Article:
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Brampton coil-over damper.

Albervin

Well Known and Active Website User
VOC Member
Very informative gents. From memory I have a 130 or 140lb spring mounted over a modified Koni. It is mounted onto the headlight stay bracket. My original girder link had a reinforcing plate brazed on but my new (post crash) one does not. Mike Breeding was quite happy to say his links will withstand the forces so I feel confident in that area. The coil over has been fitted to the Rapide for over twenty years although it was slightly altered when I purchased the bike. The previous owner rode it across Australia in 1997 and I have probably put nearly 20,000 miles on it since. As you can see, there are some differences between it and the Thornton unit.
DSC00001.jpgDSC00007.jpg
 

Peter Holmes

Well Known and Active Website User
VOC Member
I was always under the impression that the main criticism levelled at the Koni damper was that it was really to stiff to operate well with the Girdraulic fork, even in the early days when you could purchase a softer version for the front, and set to the lowest setting, did it work well with the Brampton forks, I guess the answer is yes or you would not still be using it. I have two of the Koni 76F1239 dampers and did a deal with a brilliant Vincent owning engineer who was going to convert the two dampers for use with the Brampton forks, keep one for himself FOC and return the other back to me fully converted, unfortunately the dampers were returned to me as for some reason the work could not be done satisfactorily, do you know who did yours?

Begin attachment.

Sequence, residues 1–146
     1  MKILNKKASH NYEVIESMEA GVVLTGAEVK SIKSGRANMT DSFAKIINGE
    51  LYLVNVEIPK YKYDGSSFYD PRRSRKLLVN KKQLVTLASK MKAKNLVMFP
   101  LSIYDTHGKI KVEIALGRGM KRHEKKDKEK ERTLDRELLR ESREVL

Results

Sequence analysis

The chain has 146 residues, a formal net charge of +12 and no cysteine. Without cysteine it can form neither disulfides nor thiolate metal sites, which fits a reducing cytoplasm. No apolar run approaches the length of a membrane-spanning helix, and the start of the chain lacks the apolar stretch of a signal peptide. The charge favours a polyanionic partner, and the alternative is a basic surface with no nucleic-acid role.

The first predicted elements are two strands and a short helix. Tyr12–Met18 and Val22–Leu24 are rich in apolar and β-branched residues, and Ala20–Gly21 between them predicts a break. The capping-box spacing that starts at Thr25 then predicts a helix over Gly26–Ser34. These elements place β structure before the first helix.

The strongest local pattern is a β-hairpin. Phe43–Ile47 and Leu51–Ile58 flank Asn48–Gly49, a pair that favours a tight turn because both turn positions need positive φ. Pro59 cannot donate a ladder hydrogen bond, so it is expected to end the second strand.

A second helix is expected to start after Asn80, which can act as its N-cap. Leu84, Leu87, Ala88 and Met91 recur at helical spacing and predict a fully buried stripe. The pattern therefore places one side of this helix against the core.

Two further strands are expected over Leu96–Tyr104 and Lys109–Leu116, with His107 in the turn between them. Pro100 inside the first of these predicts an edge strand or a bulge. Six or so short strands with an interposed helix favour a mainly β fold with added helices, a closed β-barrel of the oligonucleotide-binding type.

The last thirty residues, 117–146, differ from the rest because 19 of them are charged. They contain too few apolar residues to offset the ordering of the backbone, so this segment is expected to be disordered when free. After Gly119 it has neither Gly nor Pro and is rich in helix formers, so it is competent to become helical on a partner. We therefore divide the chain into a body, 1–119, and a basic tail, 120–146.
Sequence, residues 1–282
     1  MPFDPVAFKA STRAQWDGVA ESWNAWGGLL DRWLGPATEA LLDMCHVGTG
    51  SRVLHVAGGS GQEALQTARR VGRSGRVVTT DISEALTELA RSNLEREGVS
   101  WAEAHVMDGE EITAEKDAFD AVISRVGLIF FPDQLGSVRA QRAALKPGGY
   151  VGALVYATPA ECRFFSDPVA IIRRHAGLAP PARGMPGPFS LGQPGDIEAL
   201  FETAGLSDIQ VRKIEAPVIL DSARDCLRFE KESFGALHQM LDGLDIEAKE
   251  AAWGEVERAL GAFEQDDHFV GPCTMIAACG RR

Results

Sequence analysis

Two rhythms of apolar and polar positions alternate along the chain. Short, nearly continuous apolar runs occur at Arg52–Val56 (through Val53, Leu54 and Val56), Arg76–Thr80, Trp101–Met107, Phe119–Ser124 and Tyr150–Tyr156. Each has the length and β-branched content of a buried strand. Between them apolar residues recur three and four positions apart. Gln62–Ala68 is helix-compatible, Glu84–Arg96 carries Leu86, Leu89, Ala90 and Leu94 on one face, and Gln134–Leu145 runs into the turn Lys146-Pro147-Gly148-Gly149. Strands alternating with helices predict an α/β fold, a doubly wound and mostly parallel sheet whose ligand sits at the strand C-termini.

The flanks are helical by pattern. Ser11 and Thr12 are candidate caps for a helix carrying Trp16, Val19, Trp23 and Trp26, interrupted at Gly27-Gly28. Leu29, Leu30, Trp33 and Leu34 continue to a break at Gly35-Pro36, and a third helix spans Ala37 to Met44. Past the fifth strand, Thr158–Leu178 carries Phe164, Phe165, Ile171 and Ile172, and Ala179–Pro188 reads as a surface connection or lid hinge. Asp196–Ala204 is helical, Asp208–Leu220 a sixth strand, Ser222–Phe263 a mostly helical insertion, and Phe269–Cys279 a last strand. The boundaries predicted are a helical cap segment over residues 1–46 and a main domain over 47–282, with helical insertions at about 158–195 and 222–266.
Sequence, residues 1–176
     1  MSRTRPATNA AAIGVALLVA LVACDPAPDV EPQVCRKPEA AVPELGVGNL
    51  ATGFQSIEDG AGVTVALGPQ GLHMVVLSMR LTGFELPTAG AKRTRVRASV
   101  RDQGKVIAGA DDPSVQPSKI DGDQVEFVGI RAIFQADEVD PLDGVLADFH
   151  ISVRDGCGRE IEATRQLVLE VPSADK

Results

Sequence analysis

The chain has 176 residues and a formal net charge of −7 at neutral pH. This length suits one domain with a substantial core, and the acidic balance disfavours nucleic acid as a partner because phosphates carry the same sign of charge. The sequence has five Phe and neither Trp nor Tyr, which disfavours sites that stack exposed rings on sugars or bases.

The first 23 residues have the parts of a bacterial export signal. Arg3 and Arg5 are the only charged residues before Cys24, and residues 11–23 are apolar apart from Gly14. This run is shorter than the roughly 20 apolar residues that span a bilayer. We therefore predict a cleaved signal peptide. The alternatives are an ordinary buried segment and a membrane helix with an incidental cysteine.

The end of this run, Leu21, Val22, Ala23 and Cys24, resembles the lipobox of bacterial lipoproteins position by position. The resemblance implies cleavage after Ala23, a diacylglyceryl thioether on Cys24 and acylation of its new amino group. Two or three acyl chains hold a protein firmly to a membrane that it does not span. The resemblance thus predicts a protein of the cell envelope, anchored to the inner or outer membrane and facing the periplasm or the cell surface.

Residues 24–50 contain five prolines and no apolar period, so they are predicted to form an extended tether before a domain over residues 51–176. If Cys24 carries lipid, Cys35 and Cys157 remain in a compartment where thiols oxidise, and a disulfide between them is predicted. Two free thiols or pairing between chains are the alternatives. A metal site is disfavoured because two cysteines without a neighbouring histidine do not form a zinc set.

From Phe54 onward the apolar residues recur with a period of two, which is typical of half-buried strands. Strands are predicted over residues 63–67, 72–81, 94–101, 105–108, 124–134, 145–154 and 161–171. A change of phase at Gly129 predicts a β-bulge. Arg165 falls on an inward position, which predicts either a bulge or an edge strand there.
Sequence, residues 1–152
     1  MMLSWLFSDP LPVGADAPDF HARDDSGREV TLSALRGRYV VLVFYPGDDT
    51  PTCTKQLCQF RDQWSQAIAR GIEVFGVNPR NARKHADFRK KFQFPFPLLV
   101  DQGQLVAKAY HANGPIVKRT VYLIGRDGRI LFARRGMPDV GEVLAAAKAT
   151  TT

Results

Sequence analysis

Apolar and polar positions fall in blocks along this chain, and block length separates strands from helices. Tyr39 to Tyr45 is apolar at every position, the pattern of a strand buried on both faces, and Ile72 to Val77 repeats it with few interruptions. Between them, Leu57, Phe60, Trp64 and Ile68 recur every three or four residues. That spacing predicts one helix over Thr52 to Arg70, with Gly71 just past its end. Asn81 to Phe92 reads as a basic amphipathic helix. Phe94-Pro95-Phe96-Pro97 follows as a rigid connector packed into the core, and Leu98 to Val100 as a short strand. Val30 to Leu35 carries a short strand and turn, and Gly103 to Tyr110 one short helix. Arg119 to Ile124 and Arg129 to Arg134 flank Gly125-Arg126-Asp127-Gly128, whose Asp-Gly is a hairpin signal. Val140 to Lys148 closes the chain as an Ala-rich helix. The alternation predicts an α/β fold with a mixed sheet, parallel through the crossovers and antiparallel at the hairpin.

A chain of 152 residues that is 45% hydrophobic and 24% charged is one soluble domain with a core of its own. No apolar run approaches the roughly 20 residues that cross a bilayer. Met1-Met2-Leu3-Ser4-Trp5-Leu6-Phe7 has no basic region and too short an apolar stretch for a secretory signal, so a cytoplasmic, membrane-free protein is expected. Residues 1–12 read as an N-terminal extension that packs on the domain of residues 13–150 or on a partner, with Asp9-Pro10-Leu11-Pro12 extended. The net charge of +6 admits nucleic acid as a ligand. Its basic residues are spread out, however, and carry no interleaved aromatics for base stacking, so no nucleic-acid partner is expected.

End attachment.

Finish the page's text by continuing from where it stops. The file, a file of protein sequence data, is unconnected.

Albervin

Well Known and Active Website User
VOC Member
Peter, I certainly do know who did mine but sadly he has passed away. I was always taught soft springs and firm damping. This has worked well for over 20 years. I do not know what setting the damper is at but the springs are only about 130lb as against the standard 180lb for and "A" or "B". The new forks seem to be a bit stiff at the moment but I hope they will bed in over the next couple of hundred miles as the bushes settle.
 

Oldhaven

Well Known and Active Website User
VOC Member
Rather than hijack a recent thread Albervin has started to assess interest in building a few of his version of a Brampton coil over, I will move any more discussion of the Works version I have here. Here is a picture showing the area of the rod where the fracture occurred. As you can see, turning the 1/2" rod down to use a 3/8-16 thread removes a lot of the strength of the rod, and if you consider that the minor diameter of the thread is just under .300" that is a lot of strength gone, (plus the stressed area at that corner).

Quite a few of these Works Performance units are used as Thornton versions on C and B Vincents front and rear, and other Brampton applications have covered thousands of miles with no difficulties. As far as I know mine is the only one to have failed other than one instance described of improperly locking up the mounting so it could not rotate. My mount was bushed and double nutted so it could freely rotate. I can only think that I may have overlooked something like the clearance of the Works spring seat to the Brampton spring lug or something obscure.